When it comes to whales and dolphins, the only distinction is one of size. They are both cetaceans, with dolphins being a numerous branch of toothed whales. Dolphins continue to fascinate us due to their extraordinary intelligence, something that only really came to light via sadistic experiments during the twentieth century, especially those of Dr. John Lilley. In one bizarre case, he gave his captive subjects mind-altering substances:
It’s hard to know how Lilley determined that the dolphins enjoyed their LSD trips; notes indicate that after being injected with the drug, the animals floated stoically and silently in their tanks.
Surprisingly, Lilley and many other people involved in studying captive dolphins underwent a complete change of heart. Just like Ric O’Barry, who trained the various dolphins used as Flipper in the 1960s TV show, Lilley became a campaigner for the defence and protection of these incredible animals.
Dolphins desperately need this protection now. In this study of our troubled relationship with these cetaceans, Susan Casey shows how we have responded to dolphins’ natural urge to socialise with us by slaughtering and trapping them for our own entertainment.
She places a particular focus on the rampant killing of dolphins in Taiji, Japan, where hundreds of animals are hacked to death every year. There is nothing traditional about this slaughter. The Taiji dolphin hunt began in 1969, which means it isn’t even as old as Star Trek.
The slaughter doesn’t take place for food either, because dolphin and whale meat is high in heavy metals:
“There is a real danger in whale and dolphin meat, but word is not getting out,” … Tetsuya Endo from the University of Hokkaido, whose lab did many of the tests, told the New York Times … “It’s not food!”
Casey goes on to show that the Taiji and many other dolphin hunts take place to feed the highly profitable aquarium trade. The few survivors are transported worldwide for millions of dollars, where these social, wide-ranging animals are held in atrocious conditions.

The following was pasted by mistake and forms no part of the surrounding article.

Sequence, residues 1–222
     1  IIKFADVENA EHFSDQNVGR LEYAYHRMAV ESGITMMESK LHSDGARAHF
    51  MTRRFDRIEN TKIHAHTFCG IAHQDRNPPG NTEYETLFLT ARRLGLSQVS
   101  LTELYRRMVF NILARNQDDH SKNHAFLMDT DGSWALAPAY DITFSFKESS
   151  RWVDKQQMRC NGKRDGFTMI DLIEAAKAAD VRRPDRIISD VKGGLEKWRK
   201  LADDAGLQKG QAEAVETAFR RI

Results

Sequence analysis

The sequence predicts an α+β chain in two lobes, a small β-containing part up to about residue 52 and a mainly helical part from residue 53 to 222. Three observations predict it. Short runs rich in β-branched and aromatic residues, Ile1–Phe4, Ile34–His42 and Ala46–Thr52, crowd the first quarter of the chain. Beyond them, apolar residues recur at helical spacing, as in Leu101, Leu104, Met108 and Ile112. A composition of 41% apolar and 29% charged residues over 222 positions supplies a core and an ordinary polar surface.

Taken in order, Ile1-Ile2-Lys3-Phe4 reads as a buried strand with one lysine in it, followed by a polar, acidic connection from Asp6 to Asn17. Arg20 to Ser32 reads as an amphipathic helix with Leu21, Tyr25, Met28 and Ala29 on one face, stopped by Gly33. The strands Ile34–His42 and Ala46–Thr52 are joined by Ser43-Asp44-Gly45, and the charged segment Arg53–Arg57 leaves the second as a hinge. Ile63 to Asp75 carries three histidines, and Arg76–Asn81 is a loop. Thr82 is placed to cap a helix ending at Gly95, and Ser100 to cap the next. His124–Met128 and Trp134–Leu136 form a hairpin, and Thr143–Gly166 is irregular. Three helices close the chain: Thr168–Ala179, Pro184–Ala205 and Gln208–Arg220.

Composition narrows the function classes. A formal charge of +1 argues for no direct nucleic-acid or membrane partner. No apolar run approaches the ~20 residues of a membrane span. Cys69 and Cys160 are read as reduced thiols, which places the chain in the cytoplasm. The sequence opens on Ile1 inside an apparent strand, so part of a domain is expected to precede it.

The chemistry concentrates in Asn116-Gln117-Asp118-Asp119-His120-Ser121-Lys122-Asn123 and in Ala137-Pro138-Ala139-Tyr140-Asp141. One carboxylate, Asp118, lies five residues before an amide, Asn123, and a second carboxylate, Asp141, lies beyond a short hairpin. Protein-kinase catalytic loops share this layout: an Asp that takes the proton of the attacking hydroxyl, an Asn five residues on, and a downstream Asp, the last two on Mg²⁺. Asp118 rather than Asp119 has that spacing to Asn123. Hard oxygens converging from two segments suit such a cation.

Behavourial biologist Toni Frohoff, who studies stress in captive dolphins, has watched the animals gnaw on cement enclosures until their teeth are ground down, and bang themselves repeatedly against the walls.
The record is damning and it is clear that the age of whale tanks and performing dolphins needs to come to an end as soon as possible, even if some countries have appallingly lax regulations regarding the treatment of mammals in captivity:
“You could literally dig a hole in your back garden, fill it with your garden hose, and put a dolphin in there,” O’Barry said. “It’s completely legal in Ontario.”
Casey is a brave and diligent investigative journalist, but she is also an inspirational writer. This account of her own growing love for dolphins is also rich with more positive accounts of her experiences. The book is expertly constructed, so that nightmarish tales of vivisection are juxtaposed with far-out trips to the ocean along with the whacked out hippies of Hawaii.
Voices in the Ocean is both haunting and inspirational, informative and challenging. Casey has an easy writing style that allows her to convey her powerful message in measured but always heartfelt tones:
killer whale mothers, grandmothers, and great-grandmothers pass on so much essential knowledge that calves removed from their influence are as ill-equipped for wild orca life as children raised by wolves would be … if dropped into Mid-town Manhattan.
Voices in the Ocean is, without hesitation, my book of the year for 2015.